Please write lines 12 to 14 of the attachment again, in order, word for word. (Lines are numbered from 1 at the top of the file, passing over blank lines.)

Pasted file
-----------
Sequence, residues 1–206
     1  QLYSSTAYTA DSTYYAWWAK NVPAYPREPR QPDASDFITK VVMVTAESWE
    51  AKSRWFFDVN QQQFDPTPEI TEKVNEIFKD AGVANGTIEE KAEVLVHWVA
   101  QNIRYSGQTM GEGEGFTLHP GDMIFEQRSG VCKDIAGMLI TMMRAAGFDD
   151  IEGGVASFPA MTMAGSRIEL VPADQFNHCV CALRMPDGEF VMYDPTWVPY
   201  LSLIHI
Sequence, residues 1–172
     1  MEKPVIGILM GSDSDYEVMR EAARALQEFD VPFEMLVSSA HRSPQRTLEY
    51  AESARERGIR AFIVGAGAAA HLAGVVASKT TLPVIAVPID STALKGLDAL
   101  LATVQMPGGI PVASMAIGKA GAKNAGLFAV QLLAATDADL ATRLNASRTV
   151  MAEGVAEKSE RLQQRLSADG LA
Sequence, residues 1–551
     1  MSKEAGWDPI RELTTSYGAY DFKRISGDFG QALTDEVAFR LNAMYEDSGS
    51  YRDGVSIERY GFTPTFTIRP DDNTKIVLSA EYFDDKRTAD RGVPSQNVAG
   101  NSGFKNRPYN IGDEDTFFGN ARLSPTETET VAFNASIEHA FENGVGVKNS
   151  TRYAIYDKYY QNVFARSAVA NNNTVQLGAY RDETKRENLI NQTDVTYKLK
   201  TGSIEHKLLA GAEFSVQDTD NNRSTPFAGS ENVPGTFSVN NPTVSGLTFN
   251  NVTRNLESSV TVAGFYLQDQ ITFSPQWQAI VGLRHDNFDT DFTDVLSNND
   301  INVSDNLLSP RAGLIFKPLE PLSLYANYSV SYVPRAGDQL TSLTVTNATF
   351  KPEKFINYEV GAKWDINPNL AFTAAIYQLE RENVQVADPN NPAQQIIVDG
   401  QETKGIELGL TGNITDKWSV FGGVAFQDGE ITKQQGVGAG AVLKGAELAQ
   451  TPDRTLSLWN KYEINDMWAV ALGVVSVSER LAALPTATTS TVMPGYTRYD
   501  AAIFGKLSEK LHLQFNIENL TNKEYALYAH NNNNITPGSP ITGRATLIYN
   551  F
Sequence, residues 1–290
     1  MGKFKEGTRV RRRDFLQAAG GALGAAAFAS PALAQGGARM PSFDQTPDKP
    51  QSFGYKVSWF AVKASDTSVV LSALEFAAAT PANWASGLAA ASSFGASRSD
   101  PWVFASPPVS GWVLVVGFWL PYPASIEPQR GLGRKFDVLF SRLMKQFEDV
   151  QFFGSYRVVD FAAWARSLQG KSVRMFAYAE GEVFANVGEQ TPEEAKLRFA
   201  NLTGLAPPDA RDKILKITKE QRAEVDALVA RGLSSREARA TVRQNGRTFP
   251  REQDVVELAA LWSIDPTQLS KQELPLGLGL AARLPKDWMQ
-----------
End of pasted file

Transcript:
Sequence, residues 1–551
     1  MSKEAGWDPI RELTTSYGAY DFKRISGDFG QALTDEVAFR LNAMYEDSGS
    51  YRDGVSIERY GFTPTFTIRP DDNTKIVLSA EYFDDKRTAD RGVPSQNVAG